At the beginning of this season, how many of you thought the Cubs would have sixty losses a week before the end of July?
I thought so. Even the naysayers couldn't have imagined this debacle of a season. FWIW, here is the date of the Cubs' sixtieth loss over the last ten seasons prior to this one:
2005: August 10
2004: August 31
2003: August 19
2002: July 30
2001: September 2
2000: August 8
1999: August 8
1998: August 24
1997: July 25
1996: August 14
And for grins, the two worst years in club history:
1966: July 18
1962: July 18
So you see, we're in historic territory here.
Today was one of those summer days in Chicago that you want to cork up in a bottle and let out in January when we really need it -- bright sunshine, low humidity, none of that polluted haze that hangs over the city in many summers, temperature about eighty degrees, and light wind.
There's not much to say about the game itself, other than that yet another Cub pitcher had to leave the game with an injury (Pat Hughes said it was a "contusion" on Carlos Marmol's hand, obtained while batting, not pitching) -- meaning that no Cub starter in the entire series made it out of the fifth inning. For more on the game you can go to another excellent diary by Chris, who took one for the BCB team by attending this entire calamity of a series.
So, instead, since I rarely listen to an entire game via the radio (and did so today), I thought I'd pass along my observations on the WGN radiocast.
- Pat Hughes is very, very, very good at what he does. Remember, the job of a radio play-by-play man isn't just to call the action. In part, it is to try to get you to listen to the whole game even when your team sucks, as it did today, because the advertisers in the seventh and eighth innings want you to hear their ads as much as the ones buying time in the first and second innings. That said, I did listen to the whole game. Could I name ONE between-inning advertiser? Nope.
- Someone in WGN's -- or the Cubs', I'm not quite sure -- marketing department needs a lesson in baseball. They sold, apparently for the entire season (I've heard this promo before), to an insurance agency, the concept of that agency doing something if the Cubs score "insurance" runs. Well, of course you can't do this until it's in the late innings and you are actually ahead. I can only imagine how sheepishly Pat Hughes has to read this, as he did today, when the Cubs are trailing 5-1. Marketers: YOU CAN'T SCORE "INSURANCE" RUNS WHEN YOU'RE LOSING!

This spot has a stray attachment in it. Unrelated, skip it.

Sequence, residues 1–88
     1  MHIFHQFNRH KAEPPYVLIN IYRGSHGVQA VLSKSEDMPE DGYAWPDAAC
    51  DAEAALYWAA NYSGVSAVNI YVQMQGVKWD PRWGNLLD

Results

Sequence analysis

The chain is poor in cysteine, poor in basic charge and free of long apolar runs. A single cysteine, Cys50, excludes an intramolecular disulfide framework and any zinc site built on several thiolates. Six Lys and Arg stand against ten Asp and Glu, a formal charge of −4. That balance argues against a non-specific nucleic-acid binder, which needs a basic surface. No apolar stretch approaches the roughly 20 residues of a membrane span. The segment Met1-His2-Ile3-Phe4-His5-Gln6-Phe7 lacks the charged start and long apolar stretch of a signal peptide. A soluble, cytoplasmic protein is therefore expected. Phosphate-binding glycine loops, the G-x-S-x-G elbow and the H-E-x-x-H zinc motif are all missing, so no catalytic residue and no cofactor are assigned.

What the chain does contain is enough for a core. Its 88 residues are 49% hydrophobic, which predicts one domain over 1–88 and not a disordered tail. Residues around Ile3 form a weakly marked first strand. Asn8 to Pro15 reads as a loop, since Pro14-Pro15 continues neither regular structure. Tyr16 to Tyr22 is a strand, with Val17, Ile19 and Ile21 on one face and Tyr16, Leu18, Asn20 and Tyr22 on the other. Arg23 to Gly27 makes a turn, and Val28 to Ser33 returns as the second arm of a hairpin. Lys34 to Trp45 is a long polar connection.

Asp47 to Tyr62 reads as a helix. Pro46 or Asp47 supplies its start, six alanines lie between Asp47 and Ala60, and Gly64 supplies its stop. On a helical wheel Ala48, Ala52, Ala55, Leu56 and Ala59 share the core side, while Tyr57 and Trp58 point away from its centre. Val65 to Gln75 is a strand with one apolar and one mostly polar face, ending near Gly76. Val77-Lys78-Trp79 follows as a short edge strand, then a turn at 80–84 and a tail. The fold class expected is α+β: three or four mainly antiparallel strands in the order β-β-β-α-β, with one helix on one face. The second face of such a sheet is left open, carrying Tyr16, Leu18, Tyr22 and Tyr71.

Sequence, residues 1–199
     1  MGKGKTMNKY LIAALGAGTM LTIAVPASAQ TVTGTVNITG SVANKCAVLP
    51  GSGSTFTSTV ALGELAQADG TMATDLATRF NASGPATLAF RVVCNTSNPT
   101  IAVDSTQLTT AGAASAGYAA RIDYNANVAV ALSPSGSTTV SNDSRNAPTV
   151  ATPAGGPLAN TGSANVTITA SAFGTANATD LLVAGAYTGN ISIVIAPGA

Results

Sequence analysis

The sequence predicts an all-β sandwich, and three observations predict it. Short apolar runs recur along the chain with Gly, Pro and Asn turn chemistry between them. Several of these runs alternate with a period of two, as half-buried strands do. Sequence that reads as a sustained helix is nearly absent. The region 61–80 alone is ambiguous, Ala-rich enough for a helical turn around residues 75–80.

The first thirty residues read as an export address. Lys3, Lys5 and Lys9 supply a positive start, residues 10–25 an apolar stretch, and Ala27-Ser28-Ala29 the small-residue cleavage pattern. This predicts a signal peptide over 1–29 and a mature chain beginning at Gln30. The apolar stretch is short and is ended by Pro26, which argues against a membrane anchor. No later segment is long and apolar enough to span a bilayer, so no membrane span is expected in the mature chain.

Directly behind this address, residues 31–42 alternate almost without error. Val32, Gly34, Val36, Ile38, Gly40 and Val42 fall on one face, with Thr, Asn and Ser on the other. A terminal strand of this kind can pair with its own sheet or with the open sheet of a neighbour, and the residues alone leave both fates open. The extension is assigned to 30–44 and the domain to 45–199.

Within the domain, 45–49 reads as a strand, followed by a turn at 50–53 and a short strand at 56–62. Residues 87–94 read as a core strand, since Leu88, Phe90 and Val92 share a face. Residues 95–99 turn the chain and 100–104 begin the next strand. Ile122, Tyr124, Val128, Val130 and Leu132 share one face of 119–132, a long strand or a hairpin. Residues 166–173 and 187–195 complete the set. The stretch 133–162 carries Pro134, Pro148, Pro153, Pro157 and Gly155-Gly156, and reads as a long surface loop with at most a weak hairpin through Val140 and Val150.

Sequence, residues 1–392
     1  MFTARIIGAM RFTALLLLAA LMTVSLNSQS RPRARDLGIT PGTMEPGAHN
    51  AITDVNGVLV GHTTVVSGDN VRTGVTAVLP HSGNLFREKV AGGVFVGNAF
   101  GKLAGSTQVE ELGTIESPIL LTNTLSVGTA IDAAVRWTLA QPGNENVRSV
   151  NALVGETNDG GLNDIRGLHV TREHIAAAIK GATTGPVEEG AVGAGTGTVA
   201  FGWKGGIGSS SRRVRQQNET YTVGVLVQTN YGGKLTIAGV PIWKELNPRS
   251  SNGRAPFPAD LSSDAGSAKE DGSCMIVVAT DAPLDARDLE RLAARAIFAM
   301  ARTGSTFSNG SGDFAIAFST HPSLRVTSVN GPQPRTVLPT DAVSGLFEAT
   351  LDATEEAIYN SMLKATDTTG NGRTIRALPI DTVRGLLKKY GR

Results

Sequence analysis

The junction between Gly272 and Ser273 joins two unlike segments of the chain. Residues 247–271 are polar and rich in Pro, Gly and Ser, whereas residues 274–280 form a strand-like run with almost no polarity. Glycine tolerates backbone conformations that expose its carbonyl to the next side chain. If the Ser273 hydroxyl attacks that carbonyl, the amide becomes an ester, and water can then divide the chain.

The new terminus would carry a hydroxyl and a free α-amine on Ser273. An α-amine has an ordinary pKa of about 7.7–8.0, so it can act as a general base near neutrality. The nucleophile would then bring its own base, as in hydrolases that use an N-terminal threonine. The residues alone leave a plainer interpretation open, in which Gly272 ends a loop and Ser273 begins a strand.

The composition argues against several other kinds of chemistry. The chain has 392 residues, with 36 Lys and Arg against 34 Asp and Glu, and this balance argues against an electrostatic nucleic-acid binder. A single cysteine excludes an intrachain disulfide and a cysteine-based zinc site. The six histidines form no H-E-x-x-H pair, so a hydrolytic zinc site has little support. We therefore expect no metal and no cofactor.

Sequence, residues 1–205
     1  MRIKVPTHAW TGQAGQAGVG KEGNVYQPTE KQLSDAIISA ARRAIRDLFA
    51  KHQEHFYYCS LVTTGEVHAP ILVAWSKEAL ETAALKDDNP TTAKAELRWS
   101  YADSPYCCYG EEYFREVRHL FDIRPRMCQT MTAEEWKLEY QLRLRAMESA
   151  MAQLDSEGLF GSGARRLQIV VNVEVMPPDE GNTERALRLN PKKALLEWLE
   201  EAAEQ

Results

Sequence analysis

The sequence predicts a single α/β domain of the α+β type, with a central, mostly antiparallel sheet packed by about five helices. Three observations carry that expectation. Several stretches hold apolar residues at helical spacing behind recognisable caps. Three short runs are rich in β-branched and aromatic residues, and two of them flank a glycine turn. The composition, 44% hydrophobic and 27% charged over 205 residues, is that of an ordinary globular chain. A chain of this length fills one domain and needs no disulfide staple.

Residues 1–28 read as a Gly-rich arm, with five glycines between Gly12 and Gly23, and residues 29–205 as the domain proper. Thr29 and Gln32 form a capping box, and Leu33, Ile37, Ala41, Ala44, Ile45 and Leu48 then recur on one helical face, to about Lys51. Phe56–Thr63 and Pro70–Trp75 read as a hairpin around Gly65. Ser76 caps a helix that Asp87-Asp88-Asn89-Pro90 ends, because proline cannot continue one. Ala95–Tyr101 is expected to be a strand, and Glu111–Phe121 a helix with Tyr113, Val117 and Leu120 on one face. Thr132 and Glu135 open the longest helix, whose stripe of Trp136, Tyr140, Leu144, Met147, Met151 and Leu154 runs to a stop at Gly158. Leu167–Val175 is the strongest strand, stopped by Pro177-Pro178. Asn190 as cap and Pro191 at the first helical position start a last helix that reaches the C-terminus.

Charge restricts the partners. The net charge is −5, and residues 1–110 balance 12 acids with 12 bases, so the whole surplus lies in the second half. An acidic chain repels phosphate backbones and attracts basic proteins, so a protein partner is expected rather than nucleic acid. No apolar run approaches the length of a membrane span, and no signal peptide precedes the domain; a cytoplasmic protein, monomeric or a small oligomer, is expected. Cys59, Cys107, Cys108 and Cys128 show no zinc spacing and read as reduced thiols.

- Dave Otto is really bad. I mean, really, really, really, really, really, really, really, really, REALLY bad. He almost makes Mark Grace sound good as a color commentator. (If you've heard Grace, you know how bad that is. If you haven't, consider yourself fortunate. Close your ears if you're ever within earshot of a Diamondbacks TV broadcast.) Why is Otto bad? First of all, he's got kind of a whiny, non-broadcast-quality voice. OK, so does Ron Santo. But Santo makes NO pretensions of being a strategy analyst. He's a -- for lack of a better term -- Bleed Cubbie Blue fan. Santo is who he is. Otto pretends to analyze, and fails miserably. Worse, when he's not analyzing, he's pulling irrelevant stories out of either the media guide or the game notes. Today, he decided to tell us that the last game played in RFK Stadium by the old Senators in 1971 was a forfeit. Dave: a) who cares? and b) most baseball fans know this, or if they didn't, they probably learned it last year, when people were telling all the "old Senators" stories.
- When you're listening to the entire game, you know what the score is because you've been following it all along. But -- and I have noticed this on MANY occasions when I've turned the game on the radio in the car after being somewhere else -- often, Hughes doesn't give the score for fifteen minutes or longer. This is a disservice to radio fans, many of whom DO listen in short snippets getting in and out of their cars. There's no excuse for not giving the score several times per half-inning... particularly in baseball, where there's lots of time between pitches and batters to fill, and especially since this would prevent Dave Otto from uttering more useless platitudes.